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Oroton CEO follows Rose Byrne out the door

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Struggling boutique handbag retailer OrotonGroup has appointed its major shareholder as interim chief executive after its boss resigned fresh from a disappointing half-year result.

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Mark Newman, who has held the top job for four years, will be replaced temporarily by director Ross Lane, who is the company’s biggest shareholder with a 21 per cent stake.

Combined with fund manager Will Vicars, the pair own 38.5 per cent of the company, which has a market capitalisation of just $68 million.

The stock is not broadly covered by the market. A privatisation would depend on the major shareholders’ appetite for further investment. It’s understood Oroton has not been shopping its brands around.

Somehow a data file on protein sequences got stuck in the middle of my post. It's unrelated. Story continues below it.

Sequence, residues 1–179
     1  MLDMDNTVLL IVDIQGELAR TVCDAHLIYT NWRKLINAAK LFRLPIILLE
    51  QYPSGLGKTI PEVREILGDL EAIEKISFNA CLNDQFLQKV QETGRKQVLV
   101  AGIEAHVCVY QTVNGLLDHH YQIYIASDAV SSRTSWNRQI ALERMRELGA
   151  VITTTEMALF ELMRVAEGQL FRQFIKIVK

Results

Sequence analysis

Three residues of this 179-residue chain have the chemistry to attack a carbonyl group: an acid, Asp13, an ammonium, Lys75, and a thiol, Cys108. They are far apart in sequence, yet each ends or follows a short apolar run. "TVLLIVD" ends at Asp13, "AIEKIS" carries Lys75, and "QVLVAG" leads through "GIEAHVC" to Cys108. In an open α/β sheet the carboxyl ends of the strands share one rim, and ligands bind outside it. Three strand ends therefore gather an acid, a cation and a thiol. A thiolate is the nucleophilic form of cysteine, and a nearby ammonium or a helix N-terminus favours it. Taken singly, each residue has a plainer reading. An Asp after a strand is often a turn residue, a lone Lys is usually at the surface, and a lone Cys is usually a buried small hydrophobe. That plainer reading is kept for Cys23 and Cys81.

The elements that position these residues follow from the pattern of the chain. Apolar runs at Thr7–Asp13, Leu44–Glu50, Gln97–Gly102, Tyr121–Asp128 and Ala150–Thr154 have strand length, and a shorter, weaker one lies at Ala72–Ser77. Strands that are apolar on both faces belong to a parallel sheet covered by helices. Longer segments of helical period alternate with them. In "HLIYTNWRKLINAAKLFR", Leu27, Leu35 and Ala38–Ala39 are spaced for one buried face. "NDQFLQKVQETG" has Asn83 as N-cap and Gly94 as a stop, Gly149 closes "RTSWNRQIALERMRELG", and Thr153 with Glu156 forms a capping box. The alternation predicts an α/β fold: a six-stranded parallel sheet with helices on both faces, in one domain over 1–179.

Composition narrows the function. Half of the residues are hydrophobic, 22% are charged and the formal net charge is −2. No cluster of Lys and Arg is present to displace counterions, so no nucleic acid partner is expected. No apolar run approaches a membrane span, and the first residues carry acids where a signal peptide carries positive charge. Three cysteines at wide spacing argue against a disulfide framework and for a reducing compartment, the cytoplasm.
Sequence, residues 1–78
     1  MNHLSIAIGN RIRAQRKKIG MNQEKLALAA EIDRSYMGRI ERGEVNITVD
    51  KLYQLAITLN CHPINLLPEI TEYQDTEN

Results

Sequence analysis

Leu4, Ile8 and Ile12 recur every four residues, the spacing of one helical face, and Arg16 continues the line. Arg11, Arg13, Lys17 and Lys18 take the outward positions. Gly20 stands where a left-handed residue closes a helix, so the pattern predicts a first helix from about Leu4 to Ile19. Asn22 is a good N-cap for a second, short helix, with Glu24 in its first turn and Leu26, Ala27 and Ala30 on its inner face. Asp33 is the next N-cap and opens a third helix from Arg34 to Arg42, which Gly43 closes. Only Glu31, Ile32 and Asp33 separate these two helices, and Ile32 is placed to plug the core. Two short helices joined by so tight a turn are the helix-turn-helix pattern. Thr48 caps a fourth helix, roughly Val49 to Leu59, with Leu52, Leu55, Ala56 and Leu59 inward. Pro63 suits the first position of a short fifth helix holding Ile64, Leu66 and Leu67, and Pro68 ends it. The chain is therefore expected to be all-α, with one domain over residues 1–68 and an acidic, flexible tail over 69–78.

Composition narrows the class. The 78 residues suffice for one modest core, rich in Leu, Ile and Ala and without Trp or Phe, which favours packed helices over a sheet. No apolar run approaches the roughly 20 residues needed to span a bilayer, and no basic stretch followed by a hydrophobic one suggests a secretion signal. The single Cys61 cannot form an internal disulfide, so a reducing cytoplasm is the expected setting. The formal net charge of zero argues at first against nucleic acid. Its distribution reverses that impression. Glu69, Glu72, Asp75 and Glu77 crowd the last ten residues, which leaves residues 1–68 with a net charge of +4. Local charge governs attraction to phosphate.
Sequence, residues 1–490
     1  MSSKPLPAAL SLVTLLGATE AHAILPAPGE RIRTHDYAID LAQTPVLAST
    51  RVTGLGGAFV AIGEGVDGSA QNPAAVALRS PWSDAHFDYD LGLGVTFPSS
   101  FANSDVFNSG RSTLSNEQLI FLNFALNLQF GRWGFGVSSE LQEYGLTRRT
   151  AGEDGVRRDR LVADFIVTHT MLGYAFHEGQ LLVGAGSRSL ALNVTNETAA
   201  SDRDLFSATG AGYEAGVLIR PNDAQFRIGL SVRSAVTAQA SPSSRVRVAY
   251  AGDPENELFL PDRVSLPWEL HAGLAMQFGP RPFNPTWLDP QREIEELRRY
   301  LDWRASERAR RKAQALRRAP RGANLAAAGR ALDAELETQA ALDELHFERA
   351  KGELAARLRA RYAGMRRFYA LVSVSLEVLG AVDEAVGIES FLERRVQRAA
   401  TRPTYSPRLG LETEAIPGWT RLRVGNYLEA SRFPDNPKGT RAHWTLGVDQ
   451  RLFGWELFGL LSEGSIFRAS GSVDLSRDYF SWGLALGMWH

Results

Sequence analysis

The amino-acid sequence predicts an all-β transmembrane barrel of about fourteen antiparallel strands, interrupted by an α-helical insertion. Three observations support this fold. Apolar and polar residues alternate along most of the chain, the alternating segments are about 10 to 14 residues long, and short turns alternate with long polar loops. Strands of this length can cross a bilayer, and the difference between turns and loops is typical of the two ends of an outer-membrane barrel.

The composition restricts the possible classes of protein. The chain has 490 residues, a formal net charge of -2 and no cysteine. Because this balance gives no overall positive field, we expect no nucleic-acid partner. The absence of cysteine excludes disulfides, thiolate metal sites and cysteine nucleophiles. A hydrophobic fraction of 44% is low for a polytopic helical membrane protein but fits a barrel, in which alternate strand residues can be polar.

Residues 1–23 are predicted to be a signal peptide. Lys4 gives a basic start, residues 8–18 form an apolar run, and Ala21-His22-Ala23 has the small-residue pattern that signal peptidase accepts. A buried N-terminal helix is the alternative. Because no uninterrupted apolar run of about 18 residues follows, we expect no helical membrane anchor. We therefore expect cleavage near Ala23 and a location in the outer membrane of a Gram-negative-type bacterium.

Dean Fergie, director and portfolio manager at Cyan Investment Management, said Oroton’s recent first-year sales were “poor to say the least, with negative like-for-like sales and an earnings before interest and tax margin that halved.” Oroton also halted dividends.

Chairman John Schmoll said Mr Lane’s “intimate knowledge” of OrotonGroup and his “broad retail experience” meant he was “ideally qualified to lead the company during this important period of transition.” Mr Schmoll is a former chief financial officer of Coles Group.

In early trade, OrotonGroup shares closed up 1??, to $1.62.